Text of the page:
Anthony Rolfe Johnson (1940-2010)
English tenor dies aged 69
The English tenor Anthony Rolfe Johnson, who has been critically acclaimed in a range of operatic roles by composers ranging from Monteverdi to Britten, has died.
Starting his career as a farmer, Rolfe Johnson decided to become a tenor and studied at London’s Guildhall School of Music under Ellis Keeler and Vera Rózsa, and later with the distinguished English tenors Richard Lewis and Peter Pears.
After initial experience in the chorus and a number of small roles at Glyndebourne Festival between 1972 and 1976, he made his first major debut in 1973 with the English Opera Group as Count Vaudémount in Tchaikovsky’s Iolanta. He subsequently made his major solo debut at Glyndebourne in 1974 as Lensky in Eugene Onegin.
In 1976 he became a founder-member of Graham Johnson’s Songmakers’ Almanac, other members being Felicity Lott, Ann Murray and Richard Jackson. The group presented themed programmes, often involving both spoken word and song, and made several distinguished recordings for Hyperion.
Anthony Rolfe Johnson also made a reputation for his interpretation British music, including performances and recordings of Butterworth, Vaughan Williams and perhaps especially Britten. His recordings of the latter’s music included a memorably dramatic and emotionally engaging performance in the title role of Saint Nicolas, an equally powerful performance of the Canticle ‘Still Falls the Rain’, and a very individual performance of the title role of Peter Grimes, where in the 1993 recording by Bernard Haitink he was partnered by Felicity Lott as Ellen Orford.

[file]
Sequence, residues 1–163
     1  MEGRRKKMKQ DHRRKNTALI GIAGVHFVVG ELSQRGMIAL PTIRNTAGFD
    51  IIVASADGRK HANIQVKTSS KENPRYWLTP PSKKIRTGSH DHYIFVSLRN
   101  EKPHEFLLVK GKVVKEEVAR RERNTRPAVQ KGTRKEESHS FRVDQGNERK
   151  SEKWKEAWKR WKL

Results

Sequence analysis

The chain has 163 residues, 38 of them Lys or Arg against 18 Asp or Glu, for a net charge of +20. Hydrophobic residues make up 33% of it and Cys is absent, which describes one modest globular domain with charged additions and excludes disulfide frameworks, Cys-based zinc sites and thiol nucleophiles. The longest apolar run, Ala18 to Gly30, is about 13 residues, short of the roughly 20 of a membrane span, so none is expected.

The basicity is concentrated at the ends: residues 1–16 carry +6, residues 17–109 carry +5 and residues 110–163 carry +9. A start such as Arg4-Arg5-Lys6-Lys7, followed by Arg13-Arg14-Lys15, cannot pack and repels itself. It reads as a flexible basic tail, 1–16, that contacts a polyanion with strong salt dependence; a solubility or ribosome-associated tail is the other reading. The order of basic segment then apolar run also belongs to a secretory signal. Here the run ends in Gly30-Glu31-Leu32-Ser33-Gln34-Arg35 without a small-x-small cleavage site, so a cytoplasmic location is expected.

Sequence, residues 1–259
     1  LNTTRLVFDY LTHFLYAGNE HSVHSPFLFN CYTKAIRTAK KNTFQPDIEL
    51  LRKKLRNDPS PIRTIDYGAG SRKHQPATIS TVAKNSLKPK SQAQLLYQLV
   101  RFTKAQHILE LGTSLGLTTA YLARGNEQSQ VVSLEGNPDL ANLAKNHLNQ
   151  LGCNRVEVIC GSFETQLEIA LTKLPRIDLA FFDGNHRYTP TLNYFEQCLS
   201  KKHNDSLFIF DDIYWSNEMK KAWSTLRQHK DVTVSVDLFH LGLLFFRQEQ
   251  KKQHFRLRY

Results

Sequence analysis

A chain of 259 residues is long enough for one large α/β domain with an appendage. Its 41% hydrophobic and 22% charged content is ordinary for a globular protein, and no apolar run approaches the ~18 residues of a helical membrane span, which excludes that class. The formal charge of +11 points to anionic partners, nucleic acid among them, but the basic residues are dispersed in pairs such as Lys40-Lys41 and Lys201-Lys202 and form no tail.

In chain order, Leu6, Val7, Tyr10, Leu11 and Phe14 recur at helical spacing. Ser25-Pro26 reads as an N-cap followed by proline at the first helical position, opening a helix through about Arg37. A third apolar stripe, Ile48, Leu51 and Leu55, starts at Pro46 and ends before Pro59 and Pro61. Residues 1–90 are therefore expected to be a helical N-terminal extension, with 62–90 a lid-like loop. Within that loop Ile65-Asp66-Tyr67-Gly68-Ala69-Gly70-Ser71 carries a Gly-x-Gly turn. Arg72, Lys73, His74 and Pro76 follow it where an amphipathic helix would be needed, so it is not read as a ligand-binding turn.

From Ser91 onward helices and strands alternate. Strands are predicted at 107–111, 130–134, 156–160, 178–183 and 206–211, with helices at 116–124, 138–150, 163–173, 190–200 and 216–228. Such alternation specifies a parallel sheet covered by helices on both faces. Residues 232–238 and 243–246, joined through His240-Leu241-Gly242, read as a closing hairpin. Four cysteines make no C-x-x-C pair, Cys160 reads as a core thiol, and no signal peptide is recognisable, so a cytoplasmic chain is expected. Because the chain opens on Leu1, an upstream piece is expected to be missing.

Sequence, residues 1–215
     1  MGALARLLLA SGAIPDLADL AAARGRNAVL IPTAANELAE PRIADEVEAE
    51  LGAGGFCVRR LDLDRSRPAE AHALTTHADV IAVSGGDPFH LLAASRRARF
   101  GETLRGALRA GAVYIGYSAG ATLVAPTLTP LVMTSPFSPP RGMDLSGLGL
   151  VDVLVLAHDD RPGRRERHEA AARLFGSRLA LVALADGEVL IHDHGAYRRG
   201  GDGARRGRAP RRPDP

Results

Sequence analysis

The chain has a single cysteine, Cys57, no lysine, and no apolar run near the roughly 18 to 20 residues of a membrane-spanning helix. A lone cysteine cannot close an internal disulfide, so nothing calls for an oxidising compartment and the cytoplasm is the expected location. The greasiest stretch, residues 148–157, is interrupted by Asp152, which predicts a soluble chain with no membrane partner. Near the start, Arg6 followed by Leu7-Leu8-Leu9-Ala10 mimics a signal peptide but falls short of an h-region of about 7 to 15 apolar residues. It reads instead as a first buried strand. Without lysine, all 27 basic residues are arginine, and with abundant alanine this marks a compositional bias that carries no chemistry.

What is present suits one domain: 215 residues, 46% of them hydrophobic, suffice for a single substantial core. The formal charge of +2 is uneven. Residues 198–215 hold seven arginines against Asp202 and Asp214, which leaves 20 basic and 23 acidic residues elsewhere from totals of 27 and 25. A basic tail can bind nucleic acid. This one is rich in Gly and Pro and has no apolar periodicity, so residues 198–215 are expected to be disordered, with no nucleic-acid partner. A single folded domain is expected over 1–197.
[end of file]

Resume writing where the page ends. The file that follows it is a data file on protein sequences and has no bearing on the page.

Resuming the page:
He also made a powerful impression singing Monteverdi. In the BBC Music Magazine article on the greatest tenors, published April 2008, Catherine Bott wrote: ‘I’ll never forget his performance in Monteverdi’s Return of Ulysses at English National Opera: intensely moving and an unobtrusive masterclass in Monteverdian style’.